But they also have a major impact on the natural world. The researchers from Manchester said microplastics can cause ecosystem damage as the quality of the river bed is essential for many creatures which live, feed and reproduce there. 

“When they get into the environment, items of plastic packaging like bottles, bags and films, break down over time into smaller pieces. Eventually the pieces degrade into tiny particles called microplastics,” explained Nina Schrank, senior campaigner at Greenpeace.

“We know that many species in UK rivers have been swallowing microplastics, otters, lots of species of fish and even crabs in the Thames. British birds called dippers have been ingesting them and feeding them to their young.

“Nature has been sounding the alarm on plastic pollution for years. The government, supermarkets and brands must take drastic action to reduce the amount of plastic we’re producing and stop the flow of yet more plastics to our rivers and seas.”

Woodward added: “From an ecological point of view, the worst thing that you can do to a river system in terms of microplastic pollution is to pollute the river channel bed.

“The quality of that habitat underpins the quality of the entire river and ecosystem. So there are many creatures that are invertebrates that actually live in the channel bed. Many creatures like birds and fish, they feed on the channel bed and other creatures reproduce on the channel bed. It’s kind of the building block of the whole ecosystem.”

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The discharge of raw sewage to rivers already is already a controversial issue and is currently being looked into by parliament’s Environmental Audit Committee. Woodward called for more to be done to tackle the problem.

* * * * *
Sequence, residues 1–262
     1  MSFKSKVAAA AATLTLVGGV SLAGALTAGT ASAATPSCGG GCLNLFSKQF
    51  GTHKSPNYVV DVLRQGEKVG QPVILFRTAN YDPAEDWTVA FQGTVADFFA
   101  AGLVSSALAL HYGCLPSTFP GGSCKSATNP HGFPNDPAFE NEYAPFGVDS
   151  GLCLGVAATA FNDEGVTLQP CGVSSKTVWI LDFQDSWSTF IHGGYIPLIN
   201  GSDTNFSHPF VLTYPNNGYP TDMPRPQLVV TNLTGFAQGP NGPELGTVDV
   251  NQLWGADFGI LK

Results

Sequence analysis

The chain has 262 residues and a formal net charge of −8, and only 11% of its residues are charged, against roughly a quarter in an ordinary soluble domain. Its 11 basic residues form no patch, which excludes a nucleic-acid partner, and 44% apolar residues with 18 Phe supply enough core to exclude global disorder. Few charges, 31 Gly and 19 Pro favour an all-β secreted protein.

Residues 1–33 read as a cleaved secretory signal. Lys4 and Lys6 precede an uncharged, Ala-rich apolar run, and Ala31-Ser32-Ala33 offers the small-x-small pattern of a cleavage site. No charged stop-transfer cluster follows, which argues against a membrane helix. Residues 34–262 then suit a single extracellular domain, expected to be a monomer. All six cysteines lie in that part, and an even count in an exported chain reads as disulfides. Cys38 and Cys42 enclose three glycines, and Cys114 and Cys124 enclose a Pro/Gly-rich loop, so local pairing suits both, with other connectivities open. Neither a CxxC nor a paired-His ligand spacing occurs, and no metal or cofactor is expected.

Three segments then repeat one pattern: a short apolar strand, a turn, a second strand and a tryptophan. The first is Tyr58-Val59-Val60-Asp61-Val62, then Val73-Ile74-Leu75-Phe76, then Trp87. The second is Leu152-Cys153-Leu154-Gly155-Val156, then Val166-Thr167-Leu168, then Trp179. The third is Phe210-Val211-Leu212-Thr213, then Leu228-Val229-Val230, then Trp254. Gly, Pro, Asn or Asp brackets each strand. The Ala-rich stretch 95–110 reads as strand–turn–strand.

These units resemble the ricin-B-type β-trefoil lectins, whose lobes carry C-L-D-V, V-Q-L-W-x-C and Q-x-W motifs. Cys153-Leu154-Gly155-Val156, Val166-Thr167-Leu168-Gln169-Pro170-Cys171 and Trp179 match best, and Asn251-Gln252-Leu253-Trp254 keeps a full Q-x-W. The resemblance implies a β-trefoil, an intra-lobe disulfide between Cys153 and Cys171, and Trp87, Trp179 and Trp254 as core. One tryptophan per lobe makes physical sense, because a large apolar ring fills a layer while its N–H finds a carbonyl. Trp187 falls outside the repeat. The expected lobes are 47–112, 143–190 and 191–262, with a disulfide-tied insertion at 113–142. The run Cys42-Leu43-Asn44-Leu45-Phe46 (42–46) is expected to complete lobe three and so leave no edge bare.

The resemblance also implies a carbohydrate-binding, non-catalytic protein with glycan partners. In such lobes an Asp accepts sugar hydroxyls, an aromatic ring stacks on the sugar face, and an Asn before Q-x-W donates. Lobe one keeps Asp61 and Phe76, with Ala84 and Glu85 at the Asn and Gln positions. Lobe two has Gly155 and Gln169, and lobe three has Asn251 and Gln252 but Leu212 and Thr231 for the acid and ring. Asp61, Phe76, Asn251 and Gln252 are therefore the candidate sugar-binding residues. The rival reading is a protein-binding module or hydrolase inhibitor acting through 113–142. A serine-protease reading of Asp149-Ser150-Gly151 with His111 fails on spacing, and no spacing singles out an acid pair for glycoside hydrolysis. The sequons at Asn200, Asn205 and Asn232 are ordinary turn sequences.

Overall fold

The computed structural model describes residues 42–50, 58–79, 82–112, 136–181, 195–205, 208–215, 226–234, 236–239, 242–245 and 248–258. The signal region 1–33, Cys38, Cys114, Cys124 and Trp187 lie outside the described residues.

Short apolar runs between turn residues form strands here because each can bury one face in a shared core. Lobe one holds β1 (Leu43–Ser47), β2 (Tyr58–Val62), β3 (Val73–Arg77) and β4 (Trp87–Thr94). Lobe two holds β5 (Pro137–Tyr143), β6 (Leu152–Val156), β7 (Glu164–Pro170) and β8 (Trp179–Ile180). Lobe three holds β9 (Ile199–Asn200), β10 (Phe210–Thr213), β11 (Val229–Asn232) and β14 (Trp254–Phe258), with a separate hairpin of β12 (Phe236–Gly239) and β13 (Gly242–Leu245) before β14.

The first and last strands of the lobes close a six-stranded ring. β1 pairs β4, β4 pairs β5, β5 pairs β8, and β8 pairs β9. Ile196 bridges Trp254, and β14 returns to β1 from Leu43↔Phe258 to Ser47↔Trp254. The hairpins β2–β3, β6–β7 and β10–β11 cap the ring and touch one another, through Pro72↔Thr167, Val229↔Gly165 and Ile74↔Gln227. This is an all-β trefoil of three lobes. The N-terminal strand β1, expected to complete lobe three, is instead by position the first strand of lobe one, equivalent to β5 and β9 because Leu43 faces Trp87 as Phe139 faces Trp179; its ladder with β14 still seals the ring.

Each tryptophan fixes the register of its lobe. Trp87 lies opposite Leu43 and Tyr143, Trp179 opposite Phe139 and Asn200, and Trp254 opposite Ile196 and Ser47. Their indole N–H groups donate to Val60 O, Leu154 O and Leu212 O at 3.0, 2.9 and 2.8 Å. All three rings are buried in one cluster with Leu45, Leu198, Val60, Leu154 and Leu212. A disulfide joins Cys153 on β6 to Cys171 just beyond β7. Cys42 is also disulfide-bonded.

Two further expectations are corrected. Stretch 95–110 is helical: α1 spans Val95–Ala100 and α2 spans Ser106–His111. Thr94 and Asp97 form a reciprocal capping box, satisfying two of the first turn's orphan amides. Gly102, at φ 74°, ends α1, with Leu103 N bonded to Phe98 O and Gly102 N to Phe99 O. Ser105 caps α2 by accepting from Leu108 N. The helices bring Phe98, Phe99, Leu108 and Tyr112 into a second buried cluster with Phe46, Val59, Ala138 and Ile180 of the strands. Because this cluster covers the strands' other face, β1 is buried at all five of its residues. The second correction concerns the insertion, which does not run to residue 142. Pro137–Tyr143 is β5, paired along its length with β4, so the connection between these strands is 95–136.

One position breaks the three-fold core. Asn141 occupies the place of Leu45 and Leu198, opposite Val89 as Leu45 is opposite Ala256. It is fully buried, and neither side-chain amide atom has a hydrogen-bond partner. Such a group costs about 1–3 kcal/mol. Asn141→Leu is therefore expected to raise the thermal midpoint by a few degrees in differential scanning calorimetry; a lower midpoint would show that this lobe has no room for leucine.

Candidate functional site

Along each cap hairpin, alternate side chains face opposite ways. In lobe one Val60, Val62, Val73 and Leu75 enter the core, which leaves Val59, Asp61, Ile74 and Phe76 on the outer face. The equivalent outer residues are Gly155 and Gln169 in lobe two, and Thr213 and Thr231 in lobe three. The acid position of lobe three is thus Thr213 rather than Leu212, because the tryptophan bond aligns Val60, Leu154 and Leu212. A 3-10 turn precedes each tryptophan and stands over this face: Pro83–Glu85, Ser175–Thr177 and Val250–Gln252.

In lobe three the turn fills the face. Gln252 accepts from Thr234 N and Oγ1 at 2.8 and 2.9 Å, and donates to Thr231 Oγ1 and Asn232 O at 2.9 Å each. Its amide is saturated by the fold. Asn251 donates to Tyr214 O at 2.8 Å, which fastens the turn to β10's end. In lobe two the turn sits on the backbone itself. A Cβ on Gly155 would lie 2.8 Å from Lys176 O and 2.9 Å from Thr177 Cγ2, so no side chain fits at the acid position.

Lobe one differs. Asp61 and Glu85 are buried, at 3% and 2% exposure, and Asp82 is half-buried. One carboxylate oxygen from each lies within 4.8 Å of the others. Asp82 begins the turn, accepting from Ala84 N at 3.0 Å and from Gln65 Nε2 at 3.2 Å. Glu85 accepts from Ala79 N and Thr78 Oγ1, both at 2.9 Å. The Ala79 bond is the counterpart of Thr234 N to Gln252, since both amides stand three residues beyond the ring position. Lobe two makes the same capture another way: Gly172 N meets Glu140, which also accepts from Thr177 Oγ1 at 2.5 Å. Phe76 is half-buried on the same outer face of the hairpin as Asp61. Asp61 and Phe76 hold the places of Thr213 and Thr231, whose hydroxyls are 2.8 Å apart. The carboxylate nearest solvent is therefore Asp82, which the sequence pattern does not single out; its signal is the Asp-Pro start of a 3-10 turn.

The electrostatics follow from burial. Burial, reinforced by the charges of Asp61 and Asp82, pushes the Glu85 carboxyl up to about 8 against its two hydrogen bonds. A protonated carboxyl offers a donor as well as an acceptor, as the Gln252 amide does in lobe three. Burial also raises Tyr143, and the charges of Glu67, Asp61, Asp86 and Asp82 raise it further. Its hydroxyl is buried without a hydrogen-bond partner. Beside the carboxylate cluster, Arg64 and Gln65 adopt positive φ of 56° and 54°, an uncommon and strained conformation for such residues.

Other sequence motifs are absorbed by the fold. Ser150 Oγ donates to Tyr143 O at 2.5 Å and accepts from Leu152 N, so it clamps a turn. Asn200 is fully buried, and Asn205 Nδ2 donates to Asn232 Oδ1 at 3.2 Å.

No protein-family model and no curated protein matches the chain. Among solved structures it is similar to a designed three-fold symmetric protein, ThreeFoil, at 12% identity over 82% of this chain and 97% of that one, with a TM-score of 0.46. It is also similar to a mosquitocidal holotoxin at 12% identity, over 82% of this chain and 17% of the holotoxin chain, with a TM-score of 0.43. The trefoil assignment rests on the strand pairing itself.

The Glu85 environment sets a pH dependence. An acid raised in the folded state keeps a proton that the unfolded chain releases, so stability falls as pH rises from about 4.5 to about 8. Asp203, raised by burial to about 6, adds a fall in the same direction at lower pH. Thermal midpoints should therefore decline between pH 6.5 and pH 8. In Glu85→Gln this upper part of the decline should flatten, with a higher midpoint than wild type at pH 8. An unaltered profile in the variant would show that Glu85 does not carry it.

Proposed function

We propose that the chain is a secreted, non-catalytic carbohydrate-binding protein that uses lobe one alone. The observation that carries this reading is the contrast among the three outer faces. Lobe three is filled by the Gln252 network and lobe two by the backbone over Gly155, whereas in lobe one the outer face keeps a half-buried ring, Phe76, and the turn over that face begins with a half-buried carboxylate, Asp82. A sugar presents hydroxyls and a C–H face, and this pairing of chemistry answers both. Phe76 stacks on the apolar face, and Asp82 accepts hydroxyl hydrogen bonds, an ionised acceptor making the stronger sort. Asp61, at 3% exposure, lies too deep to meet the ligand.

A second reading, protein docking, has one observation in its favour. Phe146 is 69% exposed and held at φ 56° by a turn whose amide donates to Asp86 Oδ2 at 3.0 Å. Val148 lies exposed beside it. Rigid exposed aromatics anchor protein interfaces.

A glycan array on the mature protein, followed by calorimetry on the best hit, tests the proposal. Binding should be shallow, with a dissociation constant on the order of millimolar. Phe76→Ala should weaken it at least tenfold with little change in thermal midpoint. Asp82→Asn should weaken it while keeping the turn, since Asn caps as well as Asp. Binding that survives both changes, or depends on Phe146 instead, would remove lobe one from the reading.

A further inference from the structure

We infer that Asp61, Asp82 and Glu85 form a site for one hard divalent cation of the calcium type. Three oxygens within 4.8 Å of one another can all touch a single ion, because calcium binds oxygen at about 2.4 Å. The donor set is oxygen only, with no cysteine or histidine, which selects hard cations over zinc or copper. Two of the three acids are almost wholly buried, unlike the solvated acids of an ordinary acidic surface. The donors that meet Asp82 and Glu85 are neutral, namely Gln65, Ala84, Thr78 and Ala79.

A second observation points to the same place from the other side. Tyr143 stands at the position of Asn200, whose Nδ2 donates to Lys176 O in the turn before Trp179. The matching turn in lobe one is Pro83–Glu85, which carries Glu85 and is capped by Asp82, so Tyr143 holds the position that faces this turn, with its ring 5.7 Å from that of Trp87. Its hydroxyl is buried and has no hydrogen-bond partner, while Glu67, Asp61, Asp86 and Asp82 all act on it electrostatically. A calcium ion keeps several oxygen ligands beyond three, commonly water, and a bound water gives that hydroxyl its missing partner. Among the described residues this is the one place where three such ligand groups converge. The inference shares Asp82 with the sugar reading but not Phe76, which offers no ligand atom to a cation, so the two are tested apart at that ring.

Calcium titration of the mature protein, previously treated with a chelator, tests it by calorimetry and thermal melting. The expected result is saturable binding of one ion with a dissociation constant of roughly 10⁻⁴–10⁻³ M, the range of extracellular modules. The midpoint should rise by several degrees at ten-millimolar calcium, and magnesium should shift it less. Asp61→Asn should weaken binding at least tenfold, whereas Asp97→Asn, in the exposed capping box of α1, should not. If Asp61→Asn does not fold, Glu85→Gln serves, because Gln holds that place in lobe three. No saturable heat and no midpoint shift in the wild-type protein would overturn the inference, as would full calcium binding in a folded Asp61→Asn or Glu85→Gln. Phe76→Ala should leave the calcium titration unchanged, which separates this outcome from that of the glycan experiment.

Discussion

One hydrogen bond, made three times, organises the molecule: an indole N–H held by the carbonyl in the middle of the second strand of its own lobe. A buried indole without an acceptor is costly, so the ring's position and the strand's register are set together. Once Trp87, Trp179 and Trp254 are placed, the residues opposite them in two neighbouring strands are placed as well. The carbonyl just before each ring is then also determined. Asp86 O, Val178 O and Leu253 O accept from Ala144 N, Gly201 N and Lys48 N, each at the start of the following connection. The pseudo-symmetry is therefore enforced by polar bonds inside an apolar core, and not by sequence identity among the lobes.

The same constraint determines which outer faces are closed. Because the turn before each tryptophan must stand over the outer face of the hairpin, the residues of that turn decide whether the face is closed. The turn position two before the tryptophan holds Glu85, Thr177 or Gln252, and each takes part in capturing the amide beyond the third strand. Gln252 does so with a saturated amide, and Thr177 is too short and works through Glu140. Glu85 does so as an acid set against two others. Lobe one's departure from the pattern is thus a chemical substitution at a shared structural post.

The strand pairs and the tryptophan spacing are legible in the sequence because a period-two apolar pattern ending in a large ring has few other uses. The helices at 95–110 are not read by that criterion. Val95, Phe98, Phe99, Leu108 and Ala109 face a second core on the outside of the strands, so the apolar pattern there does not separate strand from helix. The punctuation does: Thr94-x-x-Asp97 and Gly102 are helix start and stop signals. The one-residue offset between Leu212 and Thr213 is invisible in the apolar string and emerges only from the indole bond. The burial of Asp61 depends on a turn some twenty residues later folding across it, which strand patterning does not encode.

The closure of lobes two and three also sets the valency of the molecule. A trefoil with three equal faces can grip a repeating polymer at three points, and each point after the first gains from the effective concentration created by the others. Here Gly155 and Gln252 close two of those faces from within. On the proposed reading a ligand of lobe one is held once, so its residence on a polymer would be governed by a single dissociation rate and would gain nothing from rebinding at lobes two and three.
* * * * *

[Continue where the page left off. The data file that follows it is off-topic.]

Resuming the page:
“We want the water companies to be guided by the science,” he added.

“We want them basically to shoulder their responsibilities and just treat the wastewater – that’s why we pay our bills. 

“The existing regulations around sewage discharge are very clear, what we want the Environment Agency to do is to enforce those and uphold those, because at the moment the Environment Agency is not being especially effective in controlling these discharges.” 

Jones added: “Microplastic pollution is a serious threat to river wildlife and its presence, alongside unregulated toxic chemical and sewage discharge, has not been sufficiently controlled.

“The government has the responsibility to to protect our natural environment- and as Greens we would also support an ecocide law, to enable swifter legal redress.”

An Environment Agency spokesperson said: “We take our responsibility to protect the environment very seriously. Water companies have a legal duty to avoid pollution and must act quickly to reduce any damage that happens as a result of their activities. 

“Permits do not allow the discharge of untreated wastewater in normal dry conditions and we assess monitoring data from storm overflows to ensure there has been no breach. 

“We are driving forward change through the Storm Overflows Taskforce, and are working hard to reduce microplastic emissions from wastewater treatment works by aiding water industry research in this area.”